DAVID GREENE, Host:
It's MORNING EDITION from NPR News. Good morning. I'm David Greene.
STEVE INSKEEP, Host:
And I'm Steve Inskeep. For many Americans, the economy isn't just failing to improve, it's actually getting worse.
GREENE: Despite the anxiety over the summer, the overall economy has been growing for a couple of years now.
INSKEEP: And despite the wild swings of recent months, the stock market is up sharply from its low point in early 2009.
GREENE: So some people are making money, and yet the latest numbers from the Census Bureau show an increase in 2010 in the number of people in poverty - to 15 percent.
INSKEEP: And not only that, the Census Bureau showed an even broader problem. It's revealed by the median income, a number at the dead center of the economy, with half of households earning more and half earning less.
GREENE: And last year, median income declined to its lowest level in years. NPR's Pam Fessler reports.
PAM FESSLER: Perhaps one of the more telling signs of the bad economy was how many people doubled up with friends and relatives for housing. There were about 22 million of these households last year, 10 percent more than before the recession. And six million young adults, ages 25 to 34, were living with their parents. The Census Bureau says almost half of them would have been poor if their parents weren't supporting them.
RON HASKINS: The numbers are bad in every way. Poverty's up, income is down. It's a very very bad story.
FESSLER: Ron Haskins is a poverty expert with the Brookings Institution. He says the lack of jobs is the main culprit. But on top of that, he says, the bad numbers reflect the fact that so many of the unemployed have been out of work for so long.
HASKINS: And those are the people that are not only likely to be poor, but also to really face hardship.
FESSLER: Because they're running out of resources. And there was plenty of hardship to go around in 2010, according to the census. More than 46 million people -almost one in six - were poor last year, 2.6 million more than the year before. The census defines the poverty line as slightly more than $22,000 for a family of four, no matter where they live. Children were hit especially hard. More than one in five were poor last year. And for blacks and Hispanics, the poverty rate was about two and a half times greater than it was for non-Hispanic whites. On top of that, incomes dropped for just about everyone.
RICHARD BURKHAUSER: Virtually across the board, Americans were less well off in 2010 than in 2009.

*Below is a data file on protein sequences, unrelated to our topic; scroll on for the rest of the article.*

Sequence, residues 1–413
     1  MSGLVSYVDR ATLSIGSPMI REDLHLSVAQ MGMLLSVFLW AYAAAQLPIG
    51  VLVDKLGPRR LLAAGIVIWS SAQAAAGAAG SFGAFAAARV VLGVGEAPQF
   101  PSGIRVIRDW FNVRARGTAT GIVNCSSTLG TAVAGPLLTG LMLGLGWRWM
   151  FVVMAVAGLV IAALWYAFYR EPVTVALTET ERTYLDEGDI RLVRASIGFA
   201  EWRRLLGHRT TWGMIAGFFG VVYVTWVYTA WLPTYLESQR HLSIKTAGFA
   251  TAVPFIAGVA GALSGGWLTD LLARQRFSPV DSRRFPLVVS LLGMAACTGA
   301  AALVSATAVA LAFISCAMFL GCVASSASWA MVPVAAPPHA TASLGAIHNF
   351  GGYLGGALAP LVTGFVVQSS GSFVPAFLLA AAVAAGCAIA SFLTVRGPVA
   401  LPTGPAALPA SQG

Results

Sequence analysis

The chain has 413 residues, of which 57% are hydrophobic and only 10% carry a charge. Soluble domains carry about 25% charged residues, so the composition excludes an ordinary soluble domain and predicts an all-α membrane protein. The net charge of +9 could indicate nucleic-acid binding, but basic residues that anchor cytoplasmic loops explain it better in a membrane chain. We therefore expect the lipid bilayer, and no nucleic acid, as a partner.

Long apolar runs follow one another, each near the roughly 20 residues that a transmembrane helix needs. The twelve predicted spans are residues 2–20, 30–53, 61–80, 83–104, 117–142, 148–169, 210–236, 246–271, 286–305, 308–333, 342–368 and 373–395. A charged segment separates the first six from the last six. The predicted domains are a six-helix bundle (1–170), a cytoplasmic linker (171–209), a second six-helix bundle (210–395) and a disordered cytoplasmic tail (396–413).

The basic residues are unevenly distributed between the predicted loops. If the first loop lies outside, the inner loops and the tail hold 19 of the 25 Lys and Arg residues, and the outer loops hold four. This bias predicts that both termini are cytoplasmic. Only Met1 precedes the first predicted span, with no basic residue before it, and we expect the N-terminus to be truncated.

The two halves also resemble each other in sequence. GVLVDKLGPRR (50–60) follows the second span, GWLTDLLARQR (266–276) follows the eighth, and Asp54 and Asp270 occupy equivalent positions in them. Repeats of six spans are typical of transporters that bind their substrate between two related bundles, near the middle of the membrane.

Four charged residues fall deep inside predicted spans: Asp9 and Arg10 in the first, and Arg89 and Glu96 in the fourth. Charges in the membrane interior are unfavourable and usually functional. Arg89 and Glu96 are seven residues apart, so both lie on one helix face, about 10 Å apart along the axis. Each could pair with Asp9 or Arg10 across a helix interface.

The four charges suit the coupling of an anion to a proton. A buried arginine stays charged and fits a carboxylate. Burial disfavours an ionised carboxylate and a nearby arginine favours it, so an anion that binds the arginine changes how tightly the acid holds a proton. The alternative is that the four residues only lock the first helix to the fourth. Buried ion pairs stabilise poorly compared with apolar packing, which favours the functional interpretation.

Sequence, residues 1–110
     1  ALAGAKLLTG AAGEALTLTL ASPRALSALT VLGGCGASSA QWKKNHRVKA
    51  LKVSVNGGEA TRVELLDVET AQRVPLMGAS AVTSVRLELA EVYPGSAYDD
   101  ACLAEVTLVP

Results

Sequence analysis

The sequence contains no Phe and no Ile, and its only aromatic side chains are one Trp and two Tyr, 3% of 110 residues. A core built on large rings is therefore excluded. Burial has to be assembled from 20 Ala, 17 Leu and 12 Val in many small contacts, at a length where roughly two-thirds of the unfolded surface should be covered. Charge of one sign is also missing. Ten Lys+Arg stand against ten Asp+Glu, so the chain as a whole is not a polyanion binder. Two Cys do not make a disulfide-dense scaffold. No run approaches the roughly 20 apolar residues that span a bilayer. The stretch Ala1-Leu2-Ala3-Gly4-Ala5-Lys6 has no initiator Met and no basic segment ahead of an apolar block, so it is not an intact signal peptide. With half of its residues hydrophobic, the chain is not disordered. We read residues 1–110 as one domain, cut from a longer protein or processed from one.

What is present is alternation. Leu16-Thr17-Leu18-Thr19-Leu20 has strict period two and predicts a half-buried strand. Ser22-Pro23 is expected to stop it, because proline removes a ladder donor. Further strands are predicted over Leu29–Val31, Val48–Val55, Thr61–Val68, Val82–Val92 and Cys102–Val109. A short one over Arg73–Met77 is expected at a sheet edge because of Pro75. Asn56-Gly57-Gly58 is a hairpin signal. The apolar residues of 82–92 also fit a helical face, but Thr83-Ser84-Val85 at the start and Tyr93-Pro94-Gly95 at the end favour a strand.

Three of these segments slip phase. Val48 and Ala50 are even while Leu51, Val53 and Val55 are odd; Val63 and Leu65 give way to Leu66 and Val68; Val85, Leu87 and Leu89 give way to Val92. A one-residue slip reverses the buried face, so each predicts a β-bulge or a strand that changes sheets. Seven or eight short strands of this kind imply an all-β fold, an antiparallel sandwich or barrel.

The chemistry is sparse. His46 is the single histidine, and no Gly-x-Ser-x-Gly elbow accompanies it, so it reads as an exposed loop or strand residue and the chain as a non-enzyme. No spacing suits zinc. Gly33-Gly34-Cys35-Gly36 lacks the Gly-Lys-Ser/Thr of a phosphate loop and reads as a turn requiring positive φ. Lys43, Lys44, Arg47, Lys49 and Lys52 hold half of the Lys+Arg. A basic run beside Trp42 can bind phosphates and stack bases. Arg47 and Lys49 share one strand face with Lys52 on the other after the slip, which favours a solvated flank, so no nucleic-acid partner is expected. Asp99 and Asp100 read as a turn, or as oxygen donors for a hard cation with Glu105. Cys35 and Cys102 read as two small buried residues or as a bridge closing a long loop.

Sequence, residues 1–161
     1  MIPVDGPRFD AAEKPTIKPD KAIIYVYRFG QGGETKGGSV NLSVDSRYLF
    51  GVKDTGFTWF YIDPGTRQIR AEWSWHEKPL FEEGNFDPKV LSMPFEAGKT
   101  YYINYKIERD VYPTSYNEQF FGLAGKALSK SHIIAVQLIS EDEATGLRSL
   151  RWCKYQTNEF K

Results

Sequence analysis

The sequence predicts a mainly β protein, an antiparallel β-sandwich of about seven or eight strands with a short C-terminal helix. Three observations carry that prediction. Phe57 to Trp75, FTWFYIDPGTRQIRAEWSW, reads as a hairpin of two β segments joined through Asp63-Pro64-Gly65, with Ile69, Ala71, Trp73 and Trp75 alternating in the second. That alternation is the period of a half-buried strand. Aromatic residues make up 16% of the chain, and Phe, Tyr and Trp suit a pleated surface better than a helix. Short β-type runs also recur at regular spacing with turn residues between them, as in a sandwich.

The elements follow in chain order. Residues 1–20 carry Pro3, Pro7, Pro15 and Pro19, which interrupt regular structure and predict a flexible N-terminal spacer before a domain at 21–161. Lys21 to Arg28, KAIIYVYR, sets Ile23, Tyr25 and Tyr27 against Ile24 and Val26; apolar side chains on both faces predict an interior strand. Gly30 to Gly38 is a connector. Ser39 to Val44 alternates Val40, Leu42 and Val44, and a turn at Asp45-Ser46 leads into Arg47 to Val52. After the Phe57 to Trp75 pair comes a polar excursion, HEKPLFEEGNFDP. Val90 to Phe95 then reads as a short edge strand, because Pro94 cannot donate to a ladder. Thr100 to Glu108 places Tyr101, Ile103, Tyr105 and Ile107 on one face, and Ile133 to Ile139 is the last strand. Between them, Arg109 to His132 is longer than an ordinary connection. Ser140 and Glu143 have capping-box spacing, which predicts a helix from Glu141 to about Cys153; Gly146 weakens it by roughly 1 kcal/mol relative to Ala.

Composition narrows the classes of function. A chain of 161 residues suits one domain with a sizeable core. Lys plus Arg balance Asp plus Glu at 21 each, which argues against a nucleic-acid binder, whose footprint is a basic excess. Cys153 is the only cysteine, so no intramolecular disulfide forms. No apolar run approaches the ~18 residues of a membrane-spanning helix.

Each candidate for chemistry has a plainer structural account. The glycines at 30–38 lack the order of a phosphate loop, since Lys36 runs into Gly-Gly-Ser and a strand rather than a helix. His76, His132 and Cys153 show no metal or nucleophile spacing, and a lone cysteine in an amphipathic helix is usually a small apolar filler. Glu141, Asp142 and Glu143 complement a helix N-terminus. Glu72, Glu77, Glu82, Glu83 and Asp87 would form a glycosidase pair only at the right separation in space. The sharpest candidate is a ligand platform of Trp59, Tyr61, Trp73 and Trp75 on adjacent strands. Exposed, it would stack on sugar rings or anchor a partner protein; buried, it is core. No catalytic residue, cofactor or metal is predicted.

FESSLER: Economist Rich Burkhauser of Cornell says even the wealthiest groups saw their incomes drop, something that didn't happen earlier in the recession. He says fewer people were working, and those who were were earning less. That was especially true for men.
BURKHAUSER: In fact, that was the case last year for about a third of working men. The Census Bureau says overall the median income in the U.S. dropped to about $49,500. That was a decline of more than six percent since the start of the recession.
FESSLER: But Sheldon Danziger, a public policy professor at the University of Michigan, says there are some more worrisome trends. He notes that the income for full-time male workers was basically unchanged from 1972.
SHELDON DANZIGER: That says the typical male worker hasn't made economic progress for almost 40 years.
FESSLER: And he's not very optimistic that things will turn around soon.
DANZIGER: The unemployment rate is still nine percent, only a little bit lower than it was in 2010. And state and local governments have really been laying off a lot of people and I think more than offsetting any of the stimulus spending that's still around.
FESSLER: In fact, the Census Bureau credited some of that stimulus spending - especially extended unemployment benefits - for keeping more than two million adults above the poverty line last year. Danziger thinks that 's a good reason why those benefits should be extended even more. But that's part of what Congress and the White House are debating right now, how best to deal with an economy that doesn't seem to want to get better and that has already left so much wreckage in its wake. Burkhauser thinks one answer might be to cut marginal tax rates to encourage employers to hire more.
BURKHAUSER: The mantra jobs, jobs, jobs - absolutely correct. The question is how to do it.
FESSLER: And that is the question. Yesterday's numbers will likely fuel the debate. But they appear to provide few, if any, answers. Pam Fessler, NPR News, Washington. Transcript provided by NPR, Copyright NPR.